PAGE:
What To Do With Too Many Onions?

onions

As far as school fundraisers go, this was one I could get behind. Each child was encouraged to sell a bag of onions. Not handbags, not candles, not wrapping paper—a mixed bag of yellow and red onions.

“That’s so much better than what we’re selling—cookie dough,” a mom with kids in a different school said to me.

I’m not a fan of having my kids out selling stuff that I think people don’t really want. As soon as I see the fliers come home in the kids’ backpacks, I throw them out. I understand the school and the parents’ club is putting in a lot of work to provide new equipment, current technology and extra-curricular activities. I make a point to find ways to make up for my personal no-solicitation policy. Last year at the school’s annual auction, I bought the most expensive cookbook of my life. The kids in the class, with the help of a parent, had pulled together their favorite recipes. A mother, who doubles as a wedding photographer in civilian life, took photos of each of the kids with a chef’s hat and spatula. The photo accompanied the recipe, and it was all beautifully assembled as a colorful printed cookbook. We set out on a mission to get the cookbook, and with some strategic bidding and a credit card, the cookbook went home with us.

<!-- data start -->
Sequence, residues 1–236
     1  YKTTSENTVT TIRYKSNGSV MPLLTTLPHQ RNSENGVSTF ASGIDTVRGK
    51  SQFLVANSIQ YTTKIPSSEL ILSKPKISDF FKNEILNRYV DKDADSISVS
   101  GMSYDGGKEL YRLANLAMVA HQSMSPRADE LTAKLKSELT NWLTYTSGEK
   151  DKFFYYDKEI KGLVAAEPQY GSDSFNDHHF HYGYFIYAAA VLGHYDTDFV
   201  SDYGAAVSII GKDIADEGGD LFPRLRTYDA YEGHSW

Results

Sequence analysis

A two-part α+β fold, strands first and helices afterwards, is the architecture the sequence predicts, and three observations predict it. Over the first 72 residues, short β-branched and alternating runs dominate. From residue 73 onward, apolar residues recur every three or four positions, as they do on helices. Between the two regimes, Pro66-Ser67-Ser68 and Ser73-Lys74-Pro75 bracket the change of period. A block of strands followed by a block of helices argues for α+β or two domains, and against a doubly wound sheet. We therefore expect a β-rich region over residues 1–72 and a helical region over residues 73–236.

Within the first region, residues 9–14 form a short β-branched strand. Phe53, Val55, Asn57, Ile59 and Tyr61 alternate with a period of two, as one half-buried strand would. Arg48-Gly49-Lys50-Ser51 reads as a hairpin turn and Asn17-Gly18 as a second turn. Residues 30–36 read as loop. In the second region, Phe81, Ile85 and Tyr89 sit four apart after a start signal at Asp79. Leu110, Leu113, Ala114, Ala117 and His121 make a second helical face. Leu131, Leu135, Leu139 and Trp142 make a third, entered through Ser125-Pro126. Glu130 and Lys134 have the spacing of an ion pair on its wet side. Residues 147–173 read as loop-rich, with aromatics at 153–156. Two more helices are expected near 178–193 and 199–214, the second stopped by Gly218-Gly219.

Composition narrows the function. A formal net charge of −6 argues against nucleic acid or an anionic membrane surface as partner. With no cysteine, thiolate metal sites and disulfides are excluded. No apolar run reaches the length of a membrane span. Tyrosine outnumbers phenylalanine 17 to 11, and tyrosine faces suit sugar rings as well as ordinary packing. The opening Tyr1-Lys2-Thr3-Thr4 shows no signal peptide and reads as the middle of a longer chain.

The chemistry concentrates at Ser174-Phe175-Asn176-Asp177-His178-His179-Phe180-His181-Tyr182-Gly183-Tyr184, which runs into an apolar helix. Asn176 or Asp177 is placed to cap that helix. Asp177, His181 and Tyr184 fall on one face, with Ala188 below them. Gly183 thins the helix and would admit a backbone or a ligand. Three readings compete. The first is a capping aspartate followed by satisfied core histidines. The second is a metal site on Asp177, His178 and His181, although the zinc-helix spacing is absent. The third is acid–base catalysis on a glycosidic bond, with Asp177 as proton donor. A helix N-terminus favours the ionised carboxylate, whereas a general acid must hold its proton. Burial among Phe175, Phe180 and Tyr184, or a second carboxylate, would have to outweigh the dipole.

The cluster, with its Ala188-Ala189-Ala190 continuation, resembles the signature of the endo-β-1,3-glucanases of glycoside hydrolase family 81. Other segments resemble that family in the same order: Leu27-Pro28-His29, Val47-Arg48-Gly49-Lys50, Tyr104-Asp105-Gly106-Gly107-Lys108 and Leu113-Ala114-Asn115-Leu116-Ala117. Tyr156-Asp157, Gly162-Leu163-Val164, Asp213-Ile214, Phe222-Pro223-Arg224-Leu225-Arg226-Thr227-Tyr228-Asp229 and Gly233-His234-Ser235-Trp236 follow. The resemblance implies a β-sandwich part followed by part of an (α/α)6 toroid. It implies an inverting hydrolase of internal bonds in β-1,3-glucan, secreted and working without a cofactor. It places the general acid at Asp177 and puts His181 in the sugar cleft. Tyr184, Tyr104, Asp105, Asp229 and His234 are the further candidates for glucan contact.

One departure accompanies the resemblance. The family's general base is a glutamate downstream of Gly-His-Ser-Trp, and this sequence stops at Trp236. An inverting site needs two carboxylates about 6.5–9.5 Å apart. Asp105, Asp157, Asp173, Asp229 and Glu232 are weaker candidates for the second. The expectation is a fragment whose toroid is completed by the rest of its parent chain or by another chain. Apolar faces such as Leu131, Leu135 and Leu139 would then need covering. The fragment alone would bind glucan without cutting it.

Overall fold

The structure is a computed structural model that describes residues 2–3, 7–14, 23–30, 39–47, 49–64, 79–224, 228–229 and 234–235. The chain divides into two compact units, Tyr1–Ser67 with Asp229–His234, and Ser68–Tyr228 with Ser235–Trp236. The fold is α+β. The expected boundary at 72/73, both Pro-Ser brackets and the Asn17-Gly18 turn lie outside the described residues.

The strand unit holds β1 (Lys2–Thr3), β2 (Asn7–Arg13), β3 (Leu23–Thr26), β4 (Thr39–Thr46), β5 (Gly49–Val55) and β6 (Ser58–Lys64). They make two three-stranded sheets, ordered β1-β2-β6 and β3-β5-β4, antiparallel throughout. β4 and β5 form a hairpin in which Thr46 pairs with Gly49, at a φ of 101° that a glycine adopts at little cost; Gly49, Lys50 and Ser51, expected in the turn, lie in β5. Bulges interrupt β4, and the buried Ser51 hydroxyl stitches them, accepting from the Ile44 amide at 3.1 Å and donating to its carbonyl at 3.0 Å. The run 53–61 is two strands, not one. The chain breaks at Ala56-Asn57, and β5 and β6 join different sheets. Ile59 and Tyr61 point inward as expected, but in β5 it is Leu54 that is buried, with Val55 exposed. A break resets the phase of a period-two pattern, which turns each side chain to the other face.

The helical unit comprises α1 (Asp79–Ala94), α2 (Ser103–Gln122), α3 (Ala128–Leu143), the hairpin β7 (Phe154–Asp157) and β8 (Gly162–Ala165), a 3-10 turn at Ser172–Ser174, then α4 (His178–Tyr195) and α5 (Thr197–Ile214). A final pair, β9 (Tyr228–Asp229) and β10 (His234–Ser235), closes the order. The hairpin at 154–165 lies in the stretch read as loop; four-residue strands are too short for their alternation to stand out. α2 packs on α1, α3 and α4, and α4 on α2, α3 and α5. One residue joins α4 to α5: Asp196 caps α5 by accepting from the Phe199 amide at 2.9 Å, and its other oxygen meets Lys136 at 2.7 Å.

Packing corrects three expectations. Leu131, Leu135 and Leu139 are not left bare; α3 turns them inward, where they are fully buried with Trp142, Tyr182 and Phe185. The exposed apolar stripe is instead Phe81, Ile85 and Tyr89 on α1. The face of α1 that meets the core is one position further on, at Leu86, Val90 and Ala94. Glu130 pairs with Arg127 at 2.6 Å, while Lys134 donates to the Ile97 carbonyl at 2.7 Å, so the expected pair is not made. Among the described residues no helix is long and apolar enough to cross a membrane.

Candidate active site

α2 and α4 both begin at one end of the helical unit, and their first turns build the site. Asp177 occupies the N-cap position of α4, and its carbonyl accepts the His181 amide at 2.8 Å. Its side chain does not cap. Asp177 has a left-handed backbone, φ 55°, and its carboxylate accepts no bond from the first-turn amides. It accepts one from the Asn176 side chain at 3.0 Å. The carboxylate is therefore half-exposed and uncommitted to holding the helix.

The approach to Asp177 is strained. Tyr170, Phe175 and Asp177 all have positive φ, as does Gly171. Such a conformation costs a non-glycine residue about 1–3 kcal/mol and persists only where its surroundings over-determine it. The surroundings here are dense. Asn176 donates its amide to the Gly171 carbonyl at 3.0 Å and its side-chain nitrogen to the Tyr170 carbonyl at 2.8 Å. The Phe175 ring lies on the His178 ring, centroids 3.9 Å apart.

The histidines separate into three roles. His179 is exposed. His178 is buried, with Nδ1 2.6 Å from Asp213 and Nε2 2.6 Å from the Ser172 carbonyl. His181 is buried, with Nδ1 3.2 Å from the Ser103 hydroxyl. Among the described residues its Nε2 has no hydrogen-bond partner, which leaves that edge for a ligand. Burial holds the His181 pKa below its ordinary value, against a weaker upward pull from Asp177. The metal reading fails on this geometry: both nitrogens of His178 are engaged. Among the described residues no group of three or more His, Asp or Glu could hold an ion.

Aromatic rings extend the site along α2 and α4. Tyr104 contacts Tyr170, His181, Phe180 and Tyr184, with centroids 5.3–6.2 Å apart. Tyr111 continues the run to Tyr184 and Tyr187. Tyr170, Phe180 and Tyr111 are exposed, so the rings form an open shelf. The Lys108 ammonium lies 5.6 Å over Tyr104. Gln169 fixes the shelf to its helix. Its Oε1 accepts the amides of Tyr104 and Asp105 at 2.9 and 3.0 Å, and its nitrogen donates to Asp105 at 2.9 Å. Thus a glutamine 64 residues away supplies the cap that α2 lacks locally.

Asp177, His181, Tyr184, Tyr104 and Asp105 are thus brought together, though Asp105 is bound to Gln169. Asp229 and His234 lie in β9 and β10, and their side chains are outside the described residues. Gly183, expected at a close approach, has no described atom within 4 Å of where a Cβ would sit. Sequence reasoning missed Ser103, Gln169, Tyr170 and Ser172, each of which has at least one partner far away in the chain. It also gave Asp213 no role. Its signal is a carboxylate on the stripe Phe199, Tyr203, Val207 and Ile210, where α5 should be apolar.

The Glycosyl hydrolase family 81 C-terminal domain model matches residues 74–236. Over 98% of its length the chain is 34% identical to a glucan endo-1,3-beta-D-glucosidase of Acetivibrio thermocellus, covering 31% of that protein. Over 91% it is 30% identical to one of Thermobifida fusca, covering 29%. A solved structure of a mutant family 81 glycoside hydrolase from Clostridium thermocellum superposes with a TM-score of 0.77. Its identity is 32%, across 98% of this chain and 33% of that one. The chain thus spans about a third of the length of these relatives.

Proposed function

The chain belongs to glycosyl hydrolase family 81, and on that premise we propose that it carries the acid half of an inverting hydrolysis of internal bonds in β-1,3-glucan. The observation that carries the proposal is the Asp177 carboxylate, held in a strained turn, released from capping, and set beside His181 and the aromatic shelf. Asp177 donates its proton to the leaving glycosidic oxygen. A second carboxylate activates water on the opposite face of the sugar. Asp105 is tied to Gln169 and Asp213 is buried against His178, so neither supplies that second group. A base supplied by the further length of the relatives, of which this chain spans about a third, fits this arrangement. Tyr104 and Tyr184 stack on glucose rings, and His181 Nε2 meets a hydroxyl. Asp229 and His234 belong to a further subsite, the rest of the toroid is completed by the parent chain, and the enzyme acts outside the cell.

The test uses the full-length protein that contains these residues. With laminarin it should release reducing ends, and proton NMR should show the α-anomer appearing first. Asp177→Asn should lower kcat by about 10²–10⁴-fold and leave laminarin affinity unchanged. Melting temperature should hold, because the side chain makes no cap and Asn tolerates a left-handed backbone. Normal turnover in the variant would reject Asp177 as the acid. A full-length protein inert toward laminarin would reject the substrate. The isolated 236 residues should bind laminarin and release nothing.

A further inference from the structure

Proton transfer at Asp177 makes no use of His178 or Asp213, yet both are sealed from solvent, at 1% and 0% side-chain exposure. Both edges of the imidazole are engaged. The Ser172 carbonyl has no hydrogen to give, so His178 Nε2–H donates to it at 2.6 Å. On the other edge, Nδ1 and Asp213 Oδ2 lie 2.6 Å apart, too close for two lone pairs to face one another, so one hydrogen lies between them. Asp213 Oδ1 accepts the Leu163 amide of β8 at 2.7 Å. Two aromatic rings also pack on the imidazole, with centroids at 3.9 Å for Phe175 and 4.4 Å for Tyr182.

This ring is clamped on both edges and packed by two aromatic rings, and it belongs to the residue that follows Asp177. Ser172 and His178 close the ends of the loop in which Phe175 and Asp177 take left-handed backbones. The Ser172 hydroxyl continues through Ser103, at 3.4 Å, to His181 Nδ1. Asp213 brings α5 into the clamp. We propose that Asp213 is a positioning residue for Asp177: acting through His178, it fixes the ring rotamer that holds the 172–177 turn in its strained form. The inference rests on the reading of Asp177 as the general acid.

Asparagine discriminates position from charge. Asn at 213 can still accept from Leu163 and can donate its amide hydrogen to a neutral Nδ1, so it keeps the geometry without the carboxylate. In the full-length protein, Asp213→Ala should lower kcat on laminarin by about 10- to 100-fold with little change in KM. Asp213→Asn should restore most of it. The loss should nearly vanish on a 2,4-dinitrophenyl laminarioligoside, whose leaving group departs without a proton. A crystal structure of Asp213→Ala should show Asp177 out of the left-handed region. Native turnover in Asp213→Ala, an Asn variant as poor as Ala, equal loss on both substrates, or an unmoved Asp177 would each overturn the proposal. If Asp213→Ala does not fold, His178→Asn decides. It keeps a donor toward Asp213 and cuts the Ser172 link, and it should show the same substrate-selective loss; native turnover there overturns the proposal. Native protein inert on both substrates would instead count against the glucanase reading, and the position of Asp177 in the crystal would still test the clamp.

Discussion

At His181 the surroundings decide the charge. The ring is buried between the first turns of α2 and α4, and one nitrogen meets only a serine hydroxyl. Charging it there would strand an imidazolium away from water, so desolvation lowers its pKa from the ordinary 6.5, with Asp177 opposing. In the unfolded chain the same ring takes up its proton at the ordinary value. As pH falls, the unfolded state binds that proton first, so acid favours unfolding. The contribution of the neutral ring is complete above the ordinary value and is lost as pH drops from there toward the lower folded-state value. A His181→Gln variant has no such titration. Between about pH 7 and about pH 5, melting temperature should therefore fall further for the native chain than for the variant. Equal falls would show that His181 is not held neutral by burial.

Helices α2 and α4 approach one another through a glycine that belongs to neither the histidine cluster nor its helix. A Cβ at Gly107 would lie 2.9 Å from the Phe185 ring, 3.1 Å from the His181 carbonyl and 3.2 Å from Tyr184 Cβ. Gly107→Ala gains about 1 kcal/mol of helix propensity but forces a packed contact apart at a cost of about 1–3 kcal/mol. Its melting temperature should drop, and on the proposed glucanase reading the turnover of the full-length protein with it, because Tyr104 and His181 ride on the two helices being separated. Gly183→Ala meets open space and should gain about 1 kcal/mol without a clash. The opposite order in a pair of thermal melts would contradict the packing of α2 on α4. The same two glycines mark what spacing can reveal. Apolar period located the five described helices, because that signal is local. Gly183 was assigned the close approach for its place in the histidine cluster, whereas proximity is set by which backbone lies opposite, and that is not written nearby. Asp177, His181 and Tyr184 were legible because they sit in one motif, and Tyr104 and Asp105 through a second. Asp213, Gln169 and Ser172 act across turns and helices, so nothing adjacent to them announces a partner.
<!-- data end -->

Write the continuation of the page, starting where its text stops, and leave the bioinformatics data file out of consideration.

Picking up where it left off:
I’m not going to sell stuff, though. Which brings me full circle to the onions.

The goal was for each kid to sell a bag. Of all the things I’ve owned in triplicate after having a set of triplets (vibrating chairs, booster seats, toddler beds, bicycles, Big Wheels), I didn’t expect bags of onions to be on the list.

It’s fitting that multiplication is being stressed in the classroom. It gave me a chance to flex my own multiplication muscles: I was the proud owner of 54 onions, I announced to the kids.

And what lesson comes after multiplication? Division, of course. Eight onions to the neighbors, eight onions to a parent (the cookie dough/kids go to a different school parent—after all, most of the parents I socialize with were all swimming in onions themselves).

Math has never been my strong suit, though. All I can is: I’m left with a whole lot of onions.

Some have gone into macaroni salads, one went into an omelet last Saturday, one was roasted with a sweet potato. At least two of the yellow onions made a wonderful caramelized onion topping for a pan of focaccia bread. It all leaves me with . . . a lot more onions. Ideas? French onion soup? Quiche? I need to step up my onion game before they turn on me. I can all of a sudden see some merits of selling cookie dough. Even so, I’m too stubborn to let these onions go bad.

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